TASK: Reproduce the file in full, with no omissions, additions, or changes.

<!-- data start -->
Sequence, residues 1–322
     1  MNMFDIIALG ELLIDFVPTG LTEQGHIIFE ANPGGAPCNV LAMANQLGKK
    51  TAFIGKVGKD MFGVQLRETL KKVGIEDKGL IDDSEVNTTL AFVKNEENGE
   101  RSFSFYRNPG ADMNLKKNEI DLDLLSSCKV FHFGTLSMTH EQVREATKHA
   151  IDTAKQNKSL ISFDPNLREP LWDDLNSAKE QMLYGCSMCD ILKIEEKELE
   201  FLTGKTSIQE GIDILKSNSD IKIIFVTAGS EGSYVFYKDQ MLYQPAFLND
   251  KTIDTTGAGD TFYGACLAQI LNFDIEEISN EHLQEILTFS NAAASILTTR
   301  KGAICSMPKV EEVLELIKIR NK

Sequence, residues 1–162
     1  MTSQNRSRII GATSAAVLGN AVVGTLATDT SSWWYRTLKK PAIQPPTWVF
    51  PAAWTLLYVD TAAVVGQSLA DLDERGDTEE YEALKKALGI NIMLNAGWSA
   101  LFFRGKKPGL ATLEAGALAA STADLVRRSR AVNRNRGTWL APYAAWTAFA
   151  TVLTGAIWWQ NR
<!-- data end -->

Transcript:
Sequence, residues 1–322
     1  MNMFDIIALG ELLIDFVPTG LTEQGHIIFE ANPGGAPCNV LAMANQLGKK
    51  TAFIGKVGKD MFGVQLRETL KKVGIEDKGL IDDSEVNTTL AFVKNEENGE
   101  RSFSFYRNPG ADMNLKKNEI DLDLLSSCKV FHFGTLSMTH EQVREATKHA
   151  IDTAKQNKSL ISFDPNLREP LWDDLNSAKE QMLYGCSMCD ILKIEEKELE
   201  FLTGKTSIQE GIDILKSNSD IKIIFVTAGS EGSYVFYKDQ MLYQPAFLND
   251  KTIDTTGAGD TFYGACLAQI LNFDIEEISN EHLQEILTFS NAAASILTTR
   301  KGAICSMPKV EEVLELIKIR NK

Sequence, residues 1–162
     1  MTSQNRSRII GATSAAVLGN AVVGTLATDT SSWWYRTLKK PAIQPPTWVF
    51  PAAWTLLYVD TAAVVGQSLA DLDERGDTEE YEALKKALGI NIMLNAGWSA
   101  LFFRGKKPGL ATLEAGALAA STADLVRRSR AVNRNRGTWL APYAAWTAFA
   151  TVLTGAIWWQ NR